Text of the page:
When General Motors shut down Saturn late last year, it lost more than a quarter of its sales of hybrid vehicles. Saturn, with no V-8 models, full-size SUVs or pickups, was GM’s most fuel-efficient brand and was second only to Chevrolet for overall hybrid sales with its Vue and Aura mild-hybrid models. Saturn also planned to launch a new Two-Mode hybrid version of the Vue last year, as well as an advanced plug-in hybrid version, but all those plans went south with the demise of the brand.

While there were fears that the technology behind the vehicles would also dissipate, GM exec Tom Stephens previously revealed that the roll-out of the new hybrid technology had not been delayed by the automaker’s bankruptcy and winding down of brands like Pontiac and Saturn. He went on to reveal that the plug-in hybrid powertrain destined for the Vue crossover would still be delivered to fleets in another model by early 2011 and could also be offered to consumers depending on how high fuel prices escalate in coming years. The first versions are expected to be used by the U.S. Department of Energy and the Electric Power Research Institute.

Consequently, prototypes of a Saturn Vue with some very peculiar features have been spotted by spy photographers this week. On the driver’s side of the vehicle there is a taped up plug-in port, while the passenger-side retains the Vue's normal fender vent. The vehicle’s single pipe exhaust also suggests a switch to a smaller four-cylinder engine. Previously, GM’s plug-in hybrid prototypes utilized a V-6 mill, which was even seen in the recently unveiled Cadillac XTS concept, but these former vehicles all had twin tailpipe exhaust systems.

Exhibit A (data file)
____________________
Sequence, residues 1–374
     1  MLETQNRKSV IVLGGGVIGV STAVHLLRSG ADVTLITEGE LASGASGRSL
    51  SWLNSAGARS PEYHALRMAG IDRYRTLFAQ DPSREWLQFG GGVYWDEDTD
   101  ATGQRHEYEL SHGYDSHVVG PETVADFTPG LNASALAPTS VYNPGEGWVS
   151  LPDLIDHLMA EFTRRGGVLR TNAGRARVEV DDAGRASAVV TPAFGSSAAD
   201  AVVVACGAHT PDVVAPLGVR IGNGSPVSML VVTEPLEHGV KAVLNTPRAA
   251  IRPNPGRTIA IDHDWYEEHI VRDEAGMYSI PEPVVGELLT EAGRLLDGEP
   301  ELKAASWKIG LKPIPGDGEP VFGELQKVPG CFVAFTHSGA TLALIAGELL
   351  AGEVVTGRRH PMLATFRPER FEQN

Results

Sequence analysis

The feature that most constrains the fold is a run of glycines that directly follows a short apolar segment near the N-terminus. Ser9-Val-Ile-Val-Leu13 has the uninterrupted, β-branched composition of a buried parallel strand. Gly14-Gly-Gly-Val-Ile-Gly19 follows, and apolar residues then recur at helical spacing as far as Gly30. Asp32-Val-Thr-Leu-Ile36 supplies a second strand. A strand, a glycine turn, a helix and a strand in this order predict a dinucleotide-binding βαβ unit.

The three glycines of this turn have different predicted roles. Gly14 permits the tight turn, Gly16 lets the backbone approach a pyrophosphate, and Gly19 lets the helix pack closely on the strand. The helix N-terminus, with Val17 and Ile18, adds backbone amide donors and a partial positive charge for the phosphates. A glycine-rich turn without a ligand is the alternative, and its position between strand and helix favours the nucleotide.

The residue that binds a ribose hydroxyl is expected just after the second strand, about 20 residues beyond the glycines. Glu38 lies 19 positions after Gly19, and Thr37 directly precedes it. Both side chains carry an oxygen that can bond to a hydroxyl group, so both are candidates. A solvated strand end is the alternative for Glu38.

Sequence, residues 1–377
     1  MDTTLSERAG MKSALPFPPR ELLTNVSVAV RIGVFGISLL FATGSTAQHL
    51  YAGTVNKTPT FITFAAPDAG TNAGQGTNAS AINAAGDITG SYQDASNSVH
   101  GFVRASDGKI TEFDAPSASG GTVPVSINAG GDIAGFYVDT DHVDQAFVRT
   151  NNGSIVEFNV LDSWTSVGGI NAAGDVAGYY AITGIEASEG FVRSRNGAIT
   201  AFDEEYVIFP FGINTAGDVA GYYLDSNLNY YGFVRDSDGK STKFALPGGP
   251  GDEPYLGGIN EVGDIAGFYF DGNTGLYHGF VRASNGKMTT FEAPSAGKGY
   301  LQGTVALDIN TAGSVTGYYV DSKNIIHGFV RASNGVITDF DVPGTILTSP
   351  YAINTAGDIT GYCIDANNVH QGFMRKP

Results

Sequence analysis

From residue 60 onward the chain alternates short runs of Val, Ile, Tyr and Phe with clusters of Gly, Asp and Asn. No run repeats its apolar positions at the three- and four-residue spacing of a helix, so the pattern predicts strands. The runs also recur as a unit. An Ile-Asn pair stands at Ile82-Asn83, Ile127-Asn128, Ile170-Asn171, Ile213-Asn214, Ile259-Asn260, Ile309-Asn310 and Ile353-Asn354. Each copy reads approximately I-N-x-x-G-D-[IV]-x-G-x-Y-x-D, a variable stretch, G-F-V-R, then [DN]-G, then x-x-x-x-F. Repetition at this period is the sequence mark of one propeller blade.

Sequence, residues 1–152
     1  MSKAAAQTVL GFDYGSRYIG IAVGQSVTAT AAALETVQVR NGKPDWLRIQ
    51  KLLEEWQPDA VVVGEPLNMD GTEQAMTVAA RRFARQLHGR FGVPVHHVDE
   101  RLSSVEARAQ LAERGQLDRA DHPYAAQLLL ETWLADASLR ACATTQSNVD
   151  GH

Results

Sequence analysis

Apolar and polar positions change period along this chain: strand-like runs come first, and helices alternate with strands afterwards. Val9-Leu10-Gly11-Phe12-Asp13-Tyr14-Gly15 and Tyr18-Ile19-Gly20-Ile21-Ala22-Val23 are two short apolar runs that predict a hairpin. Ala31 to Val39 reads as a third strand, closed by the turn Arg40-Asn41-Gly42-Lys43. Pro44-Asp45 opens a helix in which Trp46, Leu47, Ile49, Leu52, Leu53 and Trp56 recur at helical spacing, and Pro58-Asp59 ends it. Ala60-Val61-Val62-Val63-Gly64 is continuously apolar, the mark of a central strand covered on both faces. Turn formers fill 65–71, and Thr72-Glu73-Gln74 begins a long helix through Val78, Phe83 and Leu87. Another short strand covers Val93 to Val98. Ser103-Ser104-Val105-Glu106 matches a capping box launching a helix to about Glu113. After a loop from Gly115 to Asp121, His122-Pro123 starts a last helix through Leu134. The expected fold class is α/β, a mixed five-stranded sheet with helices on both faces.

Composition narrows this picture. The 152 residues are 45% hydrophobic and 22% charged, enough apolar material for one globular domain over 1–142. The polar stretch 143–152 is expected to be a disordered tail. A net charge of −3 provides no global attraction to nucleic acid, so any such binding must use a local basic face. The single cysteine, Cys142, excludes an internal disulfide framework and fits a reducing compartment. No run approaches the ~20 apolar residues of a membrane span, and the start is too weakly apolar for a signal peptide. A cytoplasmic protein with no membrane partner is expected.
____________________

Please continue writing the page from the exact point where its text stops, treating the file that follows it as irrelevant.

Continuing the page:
Likely candidates for the plug-in hybrid powertrain would be the new versions of the Chevrolet Equinox or GMC Terrain, two compact SUVs that ride on a similar version of the Vue’s Theta platform. There were plans to use it in a new compact crossover from Buick based on the Vue but the project has since been canned.

According to GM, its plug-in technology originally being tested in the Vue has the potential to achieve double the fuel economy of comparably-sized SUVs and crossovers on short trips. This is because of the significant boost in economy achieved by combining a modified version of the automaker's Two-Mode Hybrid system with lithium-ion battery cells and charging technology developed for the Voltec system, which will debut in the Chevrolet Volt plug-in hybrid later this year.

In early testing, the Vue's plug-in hybrid powertrain has proven to be capable of electric-only propulsion for more than 10 miles at low speeds. Importantly, this differs from GM's Voltec technology, which provides the Volt with up to 40 miles of emissions and gasoline-free electric-only propulsion, and an overall range of more than 300 miles when using its internal combustion engine. A key distinction between the system in the Vue and the one in the Volt is that the Vue plug-in hybrid uses either its gas engine or transmission mounted electric motors (or a combination of the two) to drive the vehicle, whereas the Volt only uses an electric motor and relies on its gas engine purely for charging its batteries.

The Vue's plug-in hybrid powertrain in fact uses the same manganese-spinel based chemistry and polymer battery cells as the Volt. The 8 kWh battery--containing half the energy of the Volt battery pack--is packaged in a rectangular-shaped box under the cargo floor. The lithium-ion battery can be fully recharged in four to five hours by simply connecting the vehicle to any standard 110 V household electrical outlet.